Hard to be sad at Happy Days Dream Cars in Warrensburg
Even though there aren’t many car shows scheduled around Kansas City right now, that doesn’t mean that you can’t go check out some nice cars once in a while. Take Happy Days Dream Cars in nearby Warrensburg, Mo. Owner John Meyer had a whole showroom full of very nice things to see. It was definitely worth the short trip out of town.
How many ’57 Pontiac Bonnevilles have you ever seen? Well, since they only built 630 of them, my guess would be, not very many. But they had one of these fuel-injected beauties at Happy Days, and it was a pretty stunning machine. These were fast cars when they were new, but today they’re even more significant for their 1950s kitsch. Everything from their off –the-shoulder leather seat pattern to the chrome spears, ribs, and emblems make this car a great example of its time period. It’s one of those expensive, exclusive cars that General Motors used to build back when they were the best in the business. You could own this one for $159,000.
Here’s something I can’t actually say I’ve ever seen before. It is a 1948 International KB-1 wood-bodied station wagon. When I think of old Binders, I think of farm trucks and stake beds. This is something else altogether. I mean, look at it—it’s beautiful. All that finely crafted wood, the contrast of the yellow wheels against the red interior, everything about this is upscale. $85,000 is a lot of money for anything, but for a rig as unusual and nice as this is, it might be a bargain.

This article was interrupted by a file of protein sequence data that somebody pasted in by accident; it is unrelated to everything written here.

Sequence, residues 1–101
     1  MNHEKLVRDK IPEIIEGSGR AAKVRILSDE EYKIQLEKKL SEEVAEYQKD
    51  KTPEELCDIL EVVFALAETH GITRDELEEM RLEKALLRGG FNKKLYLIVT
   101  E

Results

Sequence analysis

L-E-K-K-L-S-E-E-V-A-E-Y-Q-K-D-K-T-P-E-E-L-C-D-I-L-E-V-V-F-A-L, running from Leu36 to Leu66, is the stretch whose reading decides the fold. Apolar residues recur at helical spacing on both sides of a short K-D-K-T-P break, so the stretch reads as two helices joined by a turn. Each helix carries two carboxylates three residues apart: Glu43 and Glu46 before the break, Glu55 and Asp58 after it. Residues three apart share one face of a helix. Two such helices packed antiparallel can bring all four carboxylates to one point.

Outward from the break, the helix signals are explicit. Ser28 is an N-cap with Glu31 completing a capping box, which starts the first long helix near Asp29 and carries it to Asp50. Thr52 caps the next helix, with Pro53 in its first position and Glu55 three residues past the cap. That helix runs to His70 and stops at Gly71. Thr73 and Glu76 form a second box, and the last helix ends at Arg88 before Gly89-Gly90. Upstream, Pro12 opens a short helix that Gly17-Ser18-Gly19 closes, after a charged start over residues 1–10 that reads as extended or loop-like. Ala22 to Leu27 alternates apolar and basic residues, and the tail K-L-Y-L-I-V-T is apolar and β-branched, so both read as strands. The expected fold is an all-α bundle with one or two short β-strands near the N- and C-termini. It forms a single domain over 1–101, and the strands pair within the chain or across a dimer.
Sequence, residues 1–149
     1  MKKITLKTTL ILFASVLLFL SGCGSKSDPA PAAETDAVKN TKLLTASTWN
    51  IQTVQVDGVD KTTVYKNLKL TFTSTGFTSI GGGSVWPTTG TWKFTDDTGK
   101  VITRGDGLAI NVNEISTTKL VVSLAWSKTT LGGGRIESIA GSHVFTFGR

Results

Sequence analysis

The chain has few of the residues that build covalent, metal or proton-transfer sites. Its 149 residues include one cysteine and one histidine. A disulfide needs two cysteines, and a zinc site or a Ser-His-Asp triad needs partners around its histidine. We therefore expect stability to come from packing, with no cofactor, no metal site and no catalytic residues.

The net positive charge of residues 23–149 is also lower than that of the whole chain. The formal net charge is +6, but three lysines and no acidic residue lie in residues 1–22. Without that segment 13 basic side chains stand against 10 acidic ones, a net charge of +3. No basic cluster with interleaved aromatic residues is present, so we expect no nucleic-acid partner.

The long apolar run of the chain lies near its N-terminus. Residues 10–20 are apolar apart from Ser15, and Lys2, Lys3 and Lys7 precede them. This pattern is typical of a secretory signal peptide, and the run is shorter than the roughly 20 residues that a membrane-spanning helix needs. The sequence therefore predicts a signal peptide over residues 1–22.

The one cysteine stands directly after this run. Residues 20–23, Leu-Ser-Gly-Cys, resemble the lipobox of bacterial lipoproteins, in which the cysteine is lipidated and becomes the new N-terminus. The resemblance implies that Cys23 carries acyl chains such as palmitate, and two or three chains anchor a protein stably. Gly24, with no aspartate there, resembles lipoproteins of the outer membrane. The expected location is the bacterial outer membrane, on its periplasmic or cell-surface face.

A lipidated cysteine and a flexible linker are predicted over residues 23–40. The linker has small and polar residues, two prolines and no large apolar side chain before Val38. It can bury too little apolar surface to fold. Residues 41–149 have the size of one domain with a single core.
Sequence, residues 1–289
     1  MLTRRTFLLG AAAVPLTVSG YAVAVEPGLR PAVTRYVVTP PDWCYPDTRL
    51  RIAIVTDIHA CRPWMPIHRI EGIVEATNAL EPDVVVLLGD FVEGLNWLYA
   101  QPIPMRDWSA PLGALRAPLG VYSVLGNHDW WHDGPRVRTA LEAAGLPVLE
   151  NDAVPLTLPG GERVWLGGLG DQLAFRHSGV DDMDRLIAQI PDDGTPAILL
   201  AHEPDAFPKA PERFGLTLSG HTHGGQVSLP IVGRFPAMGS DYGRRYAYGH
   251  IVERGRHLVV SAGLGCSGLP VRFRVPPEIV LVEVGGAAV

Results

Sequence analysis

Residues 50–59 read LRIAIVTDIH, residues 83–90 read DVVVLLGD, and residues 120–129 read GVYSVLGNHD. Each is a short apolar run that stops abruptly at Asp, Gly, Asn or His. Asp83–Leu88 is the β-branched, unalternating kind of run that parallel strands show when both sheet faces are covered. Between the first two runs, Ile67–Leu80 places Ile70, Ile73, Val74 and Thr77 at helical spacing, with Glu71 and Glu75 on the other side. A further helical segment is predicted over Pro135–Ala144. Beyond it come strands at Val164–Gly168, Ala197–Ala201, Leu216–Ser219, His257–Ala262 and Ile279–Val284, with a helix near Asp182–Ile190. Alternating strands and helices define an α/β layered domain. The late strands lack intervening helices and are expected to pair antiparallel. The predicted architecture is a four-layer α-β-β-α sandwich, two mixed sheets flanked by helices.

This is a ’56 Ford F-100 pickup that we actually saw last weekend at the Mecum auction in Kansas City. It had hubcaps on it there, but I know it’s the same truck, because you don’t forget something like this. It may be nicest one of these I’ve ever seen. Everything from the color to the options to the quality of the restoration was first-rate. This one had the Fordomatic automatic transmission, and a 312-c.i. V8 out of a ’57 Thunderbird under the hood. This is about as good as an old truck gets.
I can’t honestly say that I’m the world’s biggest Studebaker fan, but a car like this ’55 President Speedster could do a lot to change my view. With their machine-turned dashboard applique and diamond-pattered leather, these low-slung machines were pretty sporty in their day. And that 259-c.i. V8 under the hood didn’t hurt their street cred either. This is the nicest one of these I saw all day. Of course, it was the only once I saw all day. But even if I had seen more of them, I suspect that this one would still be the nicest. $69,900 takes it home.
At $325,000, this ’69 Mustang Boss 429 was the highest-priced car in the showroom. Happy Days claims this was one of the first 50 hand-built prototypes and the first to be painted candy apple red. I’m not a Mustang expert by any means, but I know these things were beasts, and this one looked perfect to me. You could tell it was special to them, because it was one of the few cars in the place they had behind stanchions.
And any Trans Am fan would love to own this ’79 WS6 with 11,000 original miles. Formerly part of the Pontiac Historical Services collection, this car still wore its original Mayan Red paint and sat on the original Goodyear Polysteel tires. Yeah, they want $35,000 for it, but where you gonna’ find a better one?